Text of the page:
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Joseph MItzen

Strange Benchmark Results; Am I Missing Something?

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Posted (edited)

About a month ago I was doing some benchmarks of FreePascal under Linux and got an unexpected result. Thanks to some help here I was able to get Delphi Community Edition installed yesterday and found the same anomaly with Delphi targeting Windows. I was wondering if I'm missing something in the below benchmark or something has changed with the new compiler and there's something I'm doing I'm not aware of that significantly impacts performance.

 

The benchmark consists of summing the total of all the numbers between 1 and 1 billion which are evenly divisible by 3 or 5 and printing the total. It seems to me that it's a short, simple and straightforward test that should have one simple, obvious way to implement it in Pascal:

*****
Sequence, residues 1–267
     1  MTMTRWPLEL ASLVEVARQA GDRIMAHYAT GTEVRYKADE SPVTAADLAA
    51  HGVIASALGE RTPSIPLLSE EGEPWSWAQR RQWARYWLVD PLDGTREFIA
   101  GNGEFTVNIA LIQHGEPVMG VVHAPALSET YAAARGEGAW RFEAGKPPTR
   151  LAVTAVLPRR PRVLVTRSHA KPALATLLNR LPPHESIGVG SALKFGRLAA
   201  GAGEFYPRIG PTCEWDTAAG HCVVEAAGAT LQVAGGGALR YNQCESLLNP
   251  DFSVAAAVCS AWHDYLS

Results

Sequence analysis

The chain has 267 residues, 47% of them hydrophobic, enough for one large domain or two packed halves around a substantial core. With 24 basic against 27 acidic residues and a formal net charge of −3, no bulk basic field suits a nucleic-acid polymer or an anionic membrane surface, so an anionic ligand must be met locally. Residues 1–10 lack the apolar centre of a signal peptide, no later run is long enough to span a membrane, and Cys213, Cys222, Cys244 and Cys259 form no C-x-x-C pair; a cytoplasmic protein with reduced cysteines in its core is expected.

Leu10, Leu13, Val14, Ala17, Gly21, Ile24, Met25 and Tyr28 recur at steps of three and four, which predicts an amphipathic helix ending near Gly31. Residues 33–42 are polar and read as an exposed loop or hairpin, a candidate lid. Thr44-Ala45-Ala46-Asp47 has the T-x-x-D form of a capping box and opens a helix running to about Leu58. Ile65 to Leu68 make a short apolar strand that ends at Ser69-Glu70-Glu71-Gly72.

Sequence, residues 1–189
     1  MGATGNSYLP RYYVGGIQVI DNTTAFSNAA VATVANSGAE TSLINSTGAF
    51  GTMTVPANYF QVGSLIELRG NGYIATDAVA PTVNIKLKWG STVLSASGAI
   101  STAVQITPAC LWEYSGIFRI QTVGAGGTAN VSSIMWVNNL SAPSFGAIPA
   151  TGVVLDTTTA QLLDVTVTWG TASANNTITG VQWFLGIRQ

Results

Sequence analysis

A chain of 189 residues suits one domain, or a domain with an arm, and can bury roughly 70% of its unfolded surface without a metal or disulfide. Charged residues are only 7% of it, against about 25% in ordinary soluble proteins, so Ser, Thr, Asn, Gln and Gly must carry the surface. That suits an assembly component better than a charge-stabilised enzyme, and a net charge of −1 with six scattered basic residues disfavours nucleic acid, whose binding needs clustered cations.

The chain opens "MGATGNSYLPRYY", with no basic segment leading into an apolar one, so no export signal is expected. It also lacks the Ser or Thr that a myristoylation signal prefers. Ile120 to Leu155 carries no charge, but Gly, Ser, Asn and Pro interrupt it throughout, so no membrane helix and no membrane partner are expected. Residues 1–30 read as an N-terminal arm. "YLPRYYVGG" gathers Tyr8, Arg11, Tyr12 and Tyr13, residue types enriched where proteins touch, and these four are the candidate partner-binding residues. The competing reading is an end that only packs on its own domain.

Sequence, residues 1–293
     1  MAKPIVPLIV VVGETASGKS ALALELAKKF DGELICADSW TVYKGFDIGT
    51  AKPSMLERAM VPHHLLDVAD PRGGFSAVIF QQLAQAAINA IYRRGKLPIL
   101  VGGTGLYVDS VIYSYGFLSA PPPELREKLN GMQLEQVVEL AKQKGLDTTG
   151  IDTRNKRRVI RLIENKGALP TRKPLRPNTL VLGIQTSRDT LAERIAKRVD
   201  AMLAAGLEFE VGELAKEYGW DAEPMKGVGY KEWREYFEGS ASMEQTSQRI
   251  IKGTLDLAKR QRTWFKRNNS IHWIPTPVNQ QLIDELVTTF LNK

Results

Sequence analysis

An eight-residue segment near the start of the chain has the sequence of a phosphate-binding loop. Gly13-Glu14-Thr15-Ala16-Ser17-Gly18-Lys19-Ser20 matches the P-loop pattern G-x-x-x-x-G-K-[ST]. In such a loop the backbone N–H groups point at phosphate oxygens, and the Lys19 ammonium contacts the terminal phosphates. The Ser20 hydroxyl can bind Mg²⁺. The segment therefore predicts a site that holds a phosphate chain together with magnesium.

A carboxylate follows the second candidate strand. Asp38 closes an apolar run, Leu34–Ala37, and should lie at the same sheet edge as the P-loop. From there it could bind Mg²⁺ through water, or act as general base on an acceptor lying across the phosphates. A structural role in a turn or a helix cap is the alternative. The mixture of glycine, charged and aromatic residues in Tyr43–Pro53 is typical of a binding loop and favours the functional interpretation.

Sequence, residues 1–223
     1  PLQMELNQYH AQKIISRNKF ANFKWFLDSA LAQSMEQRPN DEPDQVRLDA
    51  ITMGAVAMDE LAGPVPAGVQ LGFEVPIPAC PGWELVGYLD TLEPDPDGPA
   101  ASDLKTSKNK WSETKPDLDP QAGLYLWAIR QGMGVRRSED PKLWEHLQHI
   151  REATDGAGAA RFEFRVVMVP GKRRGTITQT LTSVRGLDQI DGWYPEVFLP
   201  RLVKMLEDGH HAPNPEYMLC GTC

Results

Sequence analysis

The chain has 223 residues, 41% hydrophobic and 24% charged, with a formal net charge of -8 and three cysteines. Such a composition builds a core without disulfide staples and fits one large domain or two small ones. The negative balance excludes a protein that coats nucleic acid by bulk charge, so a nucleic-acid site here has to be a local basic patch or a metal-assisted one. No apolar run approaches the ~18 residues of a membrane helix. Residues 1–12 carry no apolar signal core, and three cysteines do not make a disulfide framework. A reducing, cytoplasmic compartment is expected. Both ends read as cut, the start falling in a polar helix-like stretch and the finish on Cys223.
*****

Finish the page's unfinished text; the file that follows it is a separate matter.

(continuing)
program numtest8;

Var total, num : Int64;
begin
  total := 0;
  for num := 1 to 1000000000 Do
      if (num mod 3 = 0) or (num mod 5 = 0) Then
            total := total + num;
WriteLn(total);

end.

Compiled with maximum performance under FreePascal (I tried other O settings; they didn't make any difference) these are the results I get on a Ryzen 2700 8 core CPU with stock cooler, best of 3:

 

64bit, Linux: 11.36 seconds, 99% CPU

64bit, Windows 11 VM, 11.43 seconds (PowerShell doesn't report CPU usage with the timing information)

 

This is the figure for Delphi:

 

64bit, Windows 11 VM: 11.38 seconds